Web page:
When YWCA Carlisle officials worked through the organization’s strategic plan a couple of years ago, they knew the organization’s 100th anniversary in Carlisle was on the horizon.
“We discussed a lot of different ways we could celebrate this anniversary. A lot of organizations do galas or benefits. We decided we wanted to do something a little bit different,” said Katelynn Edger, fund development manager at the YWCA.
Officials wanted to do something that would not only benefit the donors and businesses who support them, but also benefit the people they serve.
Five years ago, Robin Scaer decided to take the plunge on making her passion into her full-time job.
The result is a community block party from 3 to 10 p.m. Saturday at YWCA Carlisle, 301 G St., Carlisle, to celebrate not only YWCA Carlisle but also the community.
Throughout the day Saturday, 23 of the YWCA’s community partners will have tables in the front circular driveway so they can share their missions with attendees.
LifeCycle, for example, will be there to do bicycle tune-ups, activities and giveaways. The group will also accept donations of bicycles that can be fixed up for someone to use or be used for parts to fix up another bike, said Sue Otway, a member of the committee organizing the event.
“A lot of the different organizations within Carlisle are successful because they work in cooperation with other organizations. I think there are a lot of different pieces within the YWCA that are very successful because of the community partners,” committee member Jill Bruce said.
YWCA Carlisle and the Carlisle Area School District have teamed up to make sure menstrual hygiene products are distributed to local middle school students.
Vendors will sell food throughout the day, but beer and wine will be available at the beer garden only from 6 to 9:30 p.m. Vendors include Big Bottom Brewery out of Dillsburg, Burd’s Nest Brewing Co., Castlerigg Wine Shop, Market Cross Pub, Dickinson Farm, Meadows Ice Cream, Midstate Taco, Miseno’s, Redd’s Smokehouse and Southside Deli.
“We wanted to make sure we had a little of everything, something for everyone,” Otway said.
Beer and wine will be separated out from the rest of the event, located near the stage so visitors can visit the beer garden and listen to the music. Live entertainment includes Reach, the Crescendevils, Keystone Theatrics at Allenberry, Rhythm Village, Steve Rudolph Trio featuring Cathy Chemi and Indian Summer Jars. DJ Brenda Landis will also provide music.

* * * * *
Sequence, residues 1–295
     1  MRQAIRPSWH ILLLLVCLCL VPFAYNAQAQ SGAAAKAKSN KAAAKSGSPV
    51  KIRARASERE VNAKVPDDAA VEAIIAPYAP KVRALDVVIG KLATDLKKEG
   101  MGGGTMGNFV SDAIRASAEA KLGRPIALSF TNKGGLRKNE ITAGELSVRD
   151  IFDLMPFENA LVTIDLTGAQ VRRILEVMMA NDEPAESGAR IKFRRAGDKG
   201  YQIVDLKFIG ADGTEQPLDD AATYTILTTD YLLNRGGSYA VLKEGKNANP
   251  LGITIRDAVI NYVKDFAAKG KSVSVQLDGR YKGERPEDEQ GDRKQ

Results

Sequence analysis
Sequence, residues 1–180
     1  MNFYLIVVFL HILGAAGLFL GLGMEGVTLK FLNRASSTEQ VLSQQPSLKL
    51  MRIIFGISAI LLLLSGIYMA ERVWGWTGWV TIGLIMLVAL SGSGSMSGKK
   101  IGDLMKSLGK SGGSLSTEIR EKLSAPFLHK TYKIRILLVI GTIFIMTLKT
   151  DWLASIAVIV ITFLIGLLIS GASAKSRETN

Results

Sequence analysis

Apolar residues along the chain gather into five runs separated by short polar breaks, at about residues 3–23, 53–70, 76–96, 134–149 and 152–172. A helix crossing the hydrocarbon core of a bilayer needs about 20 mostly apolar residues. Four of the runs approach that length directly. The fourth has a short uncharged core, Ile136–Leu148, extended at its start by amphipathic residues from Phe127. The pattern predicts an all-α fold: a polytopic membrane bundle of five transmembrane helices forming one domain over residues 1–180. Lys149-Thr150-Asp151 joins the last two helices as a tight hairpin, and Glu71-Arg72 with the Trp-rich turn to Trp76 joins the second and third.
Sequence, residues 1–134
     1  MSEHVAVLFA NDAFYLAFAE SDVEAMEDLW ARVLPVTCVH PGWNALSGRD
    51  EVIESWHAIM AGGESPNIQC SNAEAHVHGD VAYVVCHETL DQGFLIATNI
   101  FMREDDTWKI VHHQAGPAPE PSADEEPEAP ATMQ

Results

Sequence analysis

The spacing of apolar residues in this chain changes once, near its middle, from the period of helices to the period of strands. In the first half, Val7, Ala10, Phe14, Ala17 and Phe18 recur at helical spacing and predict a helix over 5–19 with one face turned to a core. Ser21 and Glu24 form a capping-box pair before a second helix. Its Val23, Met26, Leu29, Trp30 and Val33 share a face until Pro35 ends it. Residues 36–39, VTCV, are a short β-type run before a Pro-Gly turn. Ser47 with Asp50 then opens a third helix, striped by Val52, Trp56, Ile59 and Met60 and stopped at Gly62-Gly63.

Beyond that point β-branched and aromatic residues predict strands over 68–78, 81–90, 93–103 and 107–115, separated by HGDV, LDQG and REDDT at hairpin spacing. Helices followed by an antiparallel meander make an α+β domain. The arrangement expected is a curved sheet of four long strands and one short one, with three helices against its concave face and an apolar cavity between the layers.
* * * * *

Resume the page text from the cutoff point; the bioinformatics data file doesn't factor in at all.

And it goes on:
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The first part of the day, though, is focused on children and families, Otway said. Children’s events including games, face painting, a visit from the Carlisle Police K9, scavenger hunt and more will run from 3 to 6 p.m.
Committee member Sherrie Ruf said the event will be set up for people to move from activity to activity or to settle in to a lawn chair or a blanket to enjoy the music.
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The scavenger hunt, for example, will take families from the children’s area in the back parking lot to other areas of the block party.
“It’s to encourage people to mingle and mix with each other, with the crowd, with the other vendors, with the other community partners,” Ruf said.
From the diversity of food available to the different musicians to the activities themselves, the day will fall in line with YWCA Carlisle’s mission to eliminate racism and empower women and girls, Ruf said.
A chalk mosaic, for example, will feature symbols to represent women who have contributed in every discipline throughout history, Ruf said. The mosaic will be done in squares like a quilt, and cards will be hung on a nearby twine to tell people what the symbols mean and who they represent.
The block party will close G Street from Factory to Franklin streets. Off-street parking will be available at the Carlisle Swimming Pool lot off of H Street. YWCA Carlisle also encourages people to ride their bicycles to the event.
The committee has worked with the Carlisle Police Department and the community to keep people informed about the event and its effect on parking or travel through the area, Edger said.
“While it does get busy out here, there are plenty of places that people can find to park,” she said.